It’s common to see an upstart automaker trying to grab share from… Continue reading

The Yukon government responded to a petition calling the SCAN Act “draconian” on Feb. 19. (Yukon News file)
Yukon government accuses SCAN petitioner of mischaracterizing her eviction

A response to the Jan. 7 petition was filed to court on Feb. 19

City councillor Samson Hartland in Whitehorse on Dec. 3, 2018. Hartland has announced his plans to run for mayor in the Oct. 21 municipal election. (Crystal Schick/Yukon News file)
Councillor sets sights on mayor’s chair

Hartland declares election plans

Whitehorse RCMP will provide internet safety training due to an uptick of child luring offences. (iStock photo)
RCMP hosting internet safety webinars for parents and caregivers

The webinars will take place on March 23 and 25

Chief Medical Officer of Health Dr. Brendan Hanley receives his first dose of the COVID-19 vaccine from Public Health Nurse Angie Bartelen at the Yukon Convention Centre Clinic in Whitehorse on March 3. (Crystal Schick/Yukon News)
State of emergency extended for another 90 days

“Now we’re in a situation where we see the finish line.”

The Yukon government says it is working towards finding a solution for Dawson area miners who may be impacted by City of Dawson plans and regulations. (Joel Krahn/Yukon News file)
Miner expresses frustration over town plan

Designation of claims changed to future planning

Team Yukon athletes wave flags at the 2012 Arctic Winter Games opening ceremony in Whitehorse. The 2022 event in Wood Buffalo, Alta., has been postponed indefinitely. (Justin Kennedy/Yukon News file)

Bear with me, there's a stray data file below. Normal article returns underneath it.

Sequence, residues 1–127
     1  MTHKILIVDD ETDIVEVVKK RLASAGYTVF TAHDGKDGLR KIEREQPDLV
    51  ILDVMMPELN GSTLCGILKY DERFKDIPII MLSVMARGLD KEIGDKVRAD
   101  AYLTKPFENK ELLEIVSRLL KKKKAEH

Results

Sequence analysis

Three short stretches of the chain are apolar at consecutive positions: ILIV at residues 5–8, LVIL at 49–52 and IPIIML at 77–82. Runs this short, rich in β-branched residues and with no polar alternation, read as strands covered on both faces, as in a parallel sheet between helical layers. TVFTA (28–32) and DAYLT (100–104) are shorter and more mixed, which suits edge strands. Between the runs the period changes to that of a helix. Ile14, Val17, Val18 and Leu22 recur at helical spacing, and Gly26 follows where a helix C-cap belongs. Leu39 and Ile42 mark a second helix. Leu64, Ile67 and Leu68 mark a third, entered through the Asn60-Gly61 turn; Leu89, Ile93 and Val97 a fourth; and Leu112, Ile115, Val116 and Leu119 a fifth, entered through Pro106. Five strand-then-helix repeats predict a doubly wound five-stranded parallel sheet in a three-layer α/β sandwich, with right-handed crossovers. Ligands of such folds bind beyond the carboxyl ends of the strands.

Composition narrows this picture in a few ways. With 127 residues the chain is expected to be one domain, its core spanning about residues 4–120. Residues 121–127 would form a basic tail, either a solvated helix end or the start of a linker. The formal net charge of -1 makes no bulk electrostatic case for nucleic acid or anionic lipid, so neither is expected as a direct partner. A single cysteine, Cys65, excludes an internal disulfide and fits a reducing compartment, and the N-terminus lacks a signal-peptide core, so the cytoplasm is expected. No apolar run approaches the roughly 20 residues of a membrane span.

2022 Arctic Winter Games postponed indefinitely

Wood Buffalo, Alta., Host Society committed to rescheduling at a later date

Crews work to clear the South Klondike Highway after an avalanche earlier this week. (Submitted)
South Klondike Highway remains closed due to avalanches

Yukon Avalanche Association recommending backcountry recreators remain vigilant

RCMP Online Crime Reporting website in Whitehorse on March 5. (Haley Ritchie/Yukon News)
Whitehorse RCMP launch online crime reporting

Both a website and Whitehorse RCMP app are now available

A man walks passed the polling place sign at city hall in Whitehorse on Oct. 18, 2018. The City of Whitehorse is preparing for a pandemic-era election this October with a number of measures proposed to address COVID-19 restrictions. (Crystal Schick/Yukon News file)
City gets set for Oct. 21 municipal election

Elections procedures bylaw comes forward

A rendering of the Normandy Manor seniors housing facility. (Photo courtesy KBC Developments)
Work on seniors housing project moves forward

Funding announced for Normandy Manor

Tom Ullyett, pictured, is the first Yukoner to receive the Louis St-Laurent Award of Excellence from the Canadian Bar Association for his work as a community builder and mentor in the territory. (Gabrielle Plonka/Yukon News)
Tom Ullyett wins lifetime achievement award from the Canadian Bar Association

Ullyett has worked in the Yukon’s justice ecosystem for 36 years as a public sector lawyer and mentor

Most Read